There is a level of research that, at least traditionally, has only been feasible with federal support, whether it comes from CDC, or from NIH, which also, for a few years, was funding research in this field but has since essentially stopped, or from NIJ.
I’m talking about the large projects that sometimes address the most important questions, questions that can’t be addressed on a small scale. Projects that might cost several million to complete. Without that level of support, those questions simply will not be answered. And I don’t think it’s realistic to expect individual states to pony up that kind of money.
IRA FLATOW: Tell me about the questions that need to be answered, that are not being answered.
GARRETT WINTERMUTE: Sure, so I will give you, as an example, one that is being answered– we’re answering it– that couldn’t be answered on a small scale. The question is this– among people who legally purchase firearms, are those who, at the time of purchase, have a documented history of alcohol abuse– repeated DUI conditions, et cetera– at greater risk down the road for violent crime?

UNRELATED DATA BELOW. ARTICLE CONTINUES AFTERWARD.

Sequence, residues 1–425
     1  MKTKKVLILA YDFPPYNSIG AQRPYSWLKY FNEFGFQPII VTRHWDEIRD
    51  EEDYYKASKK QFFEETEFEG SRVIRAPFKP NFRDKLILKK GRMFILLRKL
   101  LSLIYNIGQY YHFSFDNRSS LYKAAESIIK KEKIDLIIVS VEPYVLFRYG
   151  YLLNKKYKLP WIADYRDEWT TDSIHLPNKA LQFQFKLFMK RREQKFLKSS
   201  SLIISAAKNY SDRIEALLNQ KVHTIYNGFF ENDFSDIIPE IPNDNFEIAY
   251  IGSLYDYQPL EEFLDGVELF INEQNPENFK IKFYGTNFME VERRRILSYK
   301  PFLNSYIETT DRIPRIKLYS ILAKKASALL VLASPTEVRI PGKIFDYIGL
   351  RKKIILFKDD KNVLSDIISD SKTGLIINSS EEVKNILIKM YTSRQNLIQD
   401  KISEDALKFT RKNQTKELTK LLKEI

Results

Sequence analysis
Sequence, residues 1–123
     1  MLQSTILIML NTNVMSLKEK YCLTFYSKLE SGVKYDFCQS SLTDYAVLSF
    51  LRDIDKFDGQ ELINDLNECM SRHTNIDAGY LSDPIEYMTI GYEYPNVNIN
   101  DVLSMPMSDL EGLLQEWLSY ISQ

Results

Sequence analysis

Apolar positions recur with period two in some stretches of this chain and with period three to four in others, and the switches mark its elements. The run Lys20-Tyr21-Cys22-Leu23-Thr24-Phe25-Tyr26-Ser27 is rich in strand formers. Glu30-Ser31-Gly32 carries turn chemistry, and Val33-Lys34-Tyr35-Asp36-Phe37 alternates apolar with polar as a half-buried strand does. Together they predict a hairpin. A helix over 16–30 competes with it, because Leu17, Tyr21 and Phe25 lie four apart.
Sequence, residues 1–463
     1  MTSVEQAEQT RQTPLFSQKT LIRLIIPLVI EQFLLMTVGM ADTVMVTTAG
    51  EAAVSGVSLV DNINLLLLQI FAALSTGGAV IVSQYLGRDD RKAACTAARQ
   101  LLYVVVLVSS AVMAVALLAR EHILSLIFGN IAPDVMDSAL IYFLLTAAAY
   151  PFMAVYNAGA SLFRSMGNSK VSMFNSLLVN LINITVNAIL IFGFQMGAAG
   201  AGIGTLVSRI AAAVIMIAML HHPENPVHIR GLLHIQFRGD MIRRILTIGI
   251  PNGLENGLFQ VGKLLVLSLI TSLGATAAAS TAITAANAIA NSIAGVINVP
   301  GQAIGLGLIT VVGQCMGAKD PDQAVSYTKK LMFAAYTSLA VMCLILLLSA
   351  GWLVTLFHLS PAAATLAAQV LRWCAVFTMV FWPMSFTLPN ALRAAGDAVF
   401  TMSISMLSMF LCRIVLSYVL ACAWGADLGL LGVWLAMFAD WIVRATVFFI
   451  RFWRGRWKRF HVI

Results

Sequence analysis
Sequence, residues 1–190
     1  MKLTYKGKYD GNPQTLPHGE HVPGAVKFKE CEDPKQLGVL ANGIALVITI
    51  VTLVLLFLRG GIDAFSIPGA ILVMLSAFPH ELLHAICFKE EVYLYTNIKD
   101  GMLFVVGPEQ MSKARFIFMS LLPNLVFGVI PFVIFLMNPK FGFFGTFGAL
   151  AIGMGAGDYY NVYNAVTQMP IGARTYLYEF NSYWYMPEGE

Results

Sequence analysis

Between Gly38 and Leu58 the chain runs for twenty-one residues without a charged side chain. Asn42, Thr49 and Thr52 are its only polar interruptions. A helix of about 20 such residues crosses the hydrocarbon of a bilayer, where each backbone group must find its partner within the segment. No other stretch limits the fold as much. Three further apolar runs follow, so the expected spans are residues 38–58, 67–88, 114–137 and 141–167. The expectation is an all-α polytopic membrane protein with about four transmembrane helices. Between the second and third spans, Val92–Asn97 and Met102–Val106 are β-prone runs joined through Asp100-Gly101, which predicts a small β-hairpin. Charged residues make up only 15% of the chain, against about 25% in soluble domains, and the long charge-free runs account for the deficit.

Preliminary data suggests that they are, and that would comport entirely with what we know about alcohol and violence. But in order to answer the question definitively, the study has to be large enough, it has to involve tens of thousands of people who are followed over time to see, based on their prior criminal record and other characteristics, what their risk for outcome events is. And we are doing that study here in California– with support from NIH.
IRA FLATOW: And Catherine, does gun suicide have any connection with domestic violence shootings, or mass shootings?